Thanksgiving a forgotten holiday

By Sarah Stevens

Santa Claus is coming to town, already?
It is the day after Halloween, and Lennox Mall in Atlanta has Christmas trees adorning every corner. “Jingle Bells” is blaring out of the speakers and Santa Claus is sitting proudly in the middle of the mall, ready to lend an ear to the little ones. It is Nov. 1 and we are already forgetting Thanksgiving.
Too many people skip the precious time we are given in the month of November to acknowledge the importance of Thanksgiving. The tenderness of Thanksgiving is easy to miss. It is the most understated and non-commercialized holiday relying on one theme, being thankful.
Most people take down their spooky décor the morning after Halloween, only to drape bright lights on their artificial Christmas tree that very same day.  Where is the momentary lapse in time where we pause between the two most commercialized holidays in America?
Thanksgiving matters. It is the most important holiday. It is not Veterans Day, when we graciously pay our respects to those who fight for our freedom. It is not Christmas, when we pay tribute to Christ. It is Thanksgiving, when we express gratitude for everything and take a day to be grateful that we live in America. I am a firm believer in Thanksgiving, in the celebrations it encompasses as a holiday in America, and I believe we need to give it the attention it deserves.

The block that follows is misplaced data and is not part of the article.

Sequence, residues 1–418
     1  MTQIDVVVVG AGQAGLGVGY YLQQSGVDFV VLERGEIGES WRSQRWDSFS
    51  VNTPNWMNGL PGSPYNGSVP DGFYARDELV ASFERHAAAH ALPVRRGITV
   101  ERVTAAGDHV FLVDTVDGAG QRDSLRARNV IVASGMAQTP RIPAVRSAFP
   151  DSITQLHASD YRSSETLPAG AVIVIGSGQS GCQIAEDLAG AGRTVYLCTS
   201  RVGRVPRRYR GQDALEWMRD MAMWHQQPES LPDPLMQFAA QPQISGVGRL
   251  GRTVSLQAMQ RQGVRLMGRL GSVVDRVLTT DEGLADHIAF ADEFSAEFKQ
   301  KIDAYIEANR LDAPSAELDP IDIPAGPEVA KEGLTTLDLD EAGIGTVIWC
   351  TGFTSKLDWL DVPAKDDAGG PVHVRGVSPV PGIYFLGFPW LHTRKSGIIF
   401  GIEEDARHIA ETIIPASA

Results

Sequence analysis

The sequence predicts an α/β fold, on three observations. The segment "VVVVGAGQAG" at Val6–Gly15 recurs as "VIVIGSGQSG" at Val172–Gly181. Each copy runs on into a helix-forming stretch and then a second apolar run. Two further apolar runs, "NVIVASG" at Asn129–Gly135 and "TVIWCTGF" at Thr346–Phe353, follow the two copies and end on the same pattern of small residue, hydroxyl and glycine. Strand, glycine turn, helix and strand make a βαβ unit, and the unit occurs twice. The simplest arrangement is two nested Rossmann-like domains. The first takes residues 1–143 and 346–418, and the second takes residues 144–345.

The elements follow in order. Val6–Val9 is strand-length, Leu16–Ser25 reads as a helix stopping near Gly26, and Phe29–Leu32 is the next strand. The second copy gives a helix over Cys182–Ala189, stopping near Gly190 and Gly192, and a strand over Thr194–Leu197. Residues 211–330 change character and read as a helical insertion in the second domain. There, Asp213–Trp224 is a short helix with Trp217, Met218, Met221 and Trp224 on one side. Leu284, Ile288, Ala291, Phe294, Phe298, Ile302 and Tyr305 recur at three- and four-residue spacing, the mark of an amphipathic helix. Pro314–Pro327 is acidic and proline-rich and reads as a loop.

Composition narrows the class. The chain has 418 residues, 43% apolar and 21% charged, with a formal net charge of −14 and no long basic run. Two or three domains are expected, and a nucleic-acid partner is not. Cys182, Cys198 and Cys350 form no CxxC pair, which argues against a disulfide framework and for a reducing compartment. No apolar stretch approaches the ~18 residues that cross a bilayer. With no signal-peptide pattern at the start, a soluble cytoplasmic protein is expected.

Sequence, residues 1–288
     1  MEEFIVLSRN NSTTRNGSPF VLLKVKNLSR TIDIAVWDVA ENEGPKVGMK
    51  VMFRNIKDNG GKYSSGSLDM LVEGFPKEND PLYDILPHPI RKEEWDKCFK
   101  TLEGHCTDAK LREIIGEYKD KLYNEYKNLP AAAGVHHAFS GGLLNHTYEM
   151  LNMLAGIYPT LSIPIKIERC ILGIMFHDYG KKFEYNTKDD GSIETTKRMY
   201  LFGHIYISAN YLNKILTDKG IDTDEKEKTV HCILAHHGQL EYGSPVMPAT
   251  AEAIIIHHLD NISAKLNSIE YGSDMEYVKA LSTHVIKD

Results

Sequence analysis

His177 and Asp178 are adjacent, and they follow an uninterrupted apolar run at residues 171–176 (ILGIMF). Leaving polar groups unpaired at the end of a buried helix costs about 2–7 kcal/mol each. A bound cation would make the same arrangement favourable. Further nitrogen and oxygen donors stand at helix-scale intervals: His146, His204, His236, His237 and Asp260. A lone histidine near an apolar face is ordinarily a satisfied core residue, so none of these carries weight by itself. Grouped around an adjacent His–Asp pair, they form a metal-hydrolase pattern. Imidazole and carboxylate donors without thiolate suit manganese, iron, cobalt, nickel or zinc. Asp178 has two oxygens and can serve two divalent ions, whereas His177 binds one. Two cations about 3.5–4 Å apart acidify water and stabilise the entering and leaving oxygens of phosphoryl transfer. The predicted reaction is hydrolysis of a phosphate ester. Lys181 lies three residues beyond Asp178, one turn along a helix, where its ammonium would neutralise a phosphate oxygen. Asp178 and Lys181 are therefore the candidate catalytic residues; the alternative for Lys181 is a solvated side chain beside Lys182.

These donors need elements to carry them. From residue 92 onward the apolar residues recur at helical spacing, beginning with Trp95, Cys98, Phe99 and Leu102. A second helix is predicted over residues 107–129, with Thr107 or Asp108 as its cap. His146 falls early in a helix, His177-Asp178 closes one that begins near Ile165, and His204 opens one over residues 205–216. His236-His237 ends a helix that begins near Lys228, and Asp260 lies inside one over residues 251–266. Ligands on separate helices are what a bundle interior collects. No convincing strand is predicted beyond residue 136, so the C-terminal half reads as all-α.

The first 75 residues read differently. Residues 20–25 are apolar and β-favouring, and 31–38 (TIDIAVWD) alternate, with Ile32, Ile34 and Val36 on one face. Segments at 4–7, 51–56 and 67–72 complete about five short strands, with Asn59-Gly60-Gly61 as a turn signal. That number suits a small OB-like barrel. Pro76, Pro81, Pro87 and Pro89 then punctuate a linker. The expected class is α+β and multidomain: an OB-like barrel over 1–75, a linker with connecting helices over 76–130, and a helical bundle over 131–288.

This past fall break I was at Lennox Mall in Atlanta and I noticed that Nordstrom had signs posted on every exterior door reading, “At Nordstrom…we won’t be decking our halls until Friday, November 27. Why? Well, we like the idea of celebrating one holiday at a time. From our family to yours, Happy Thanksgiving.” How revolutionary that a department store in one of the most popular shopping cities in America would not put up Christmas decorations well in advance, so much so that they have to post signs for concerned consumers.
Even Facebook has a group created last week called “Please Don’t Forget Thanksgiving” boasting 127 members. The group’s information reads, “To many Americans, Thanksgiving is just a time to eat turkey and watch football. We should enjoy Thanksgiving for what it is: a day to thank the Lord for America, our freedom and the many blessings we have.”  These days, it seems like Americans are more concerned with being showered with new gifts rather than be thankful for what they have.
Though some may see Christmas as a legitimate reason to skip Thanksgiving (if honored the right way), the commercialized appeal that perpetuates Christmas and Halloween for so many Americans demonstrates how different the approach of Thanksgiving is.
Thanksgiving needs more attention. We are giving thanks to the nation that provides us with the freedom to celebrate other holidays. We need to take appropriate time to pause and reflect between the busy holidays of Halloween and Christmas and dwell on what it really means to be thankful.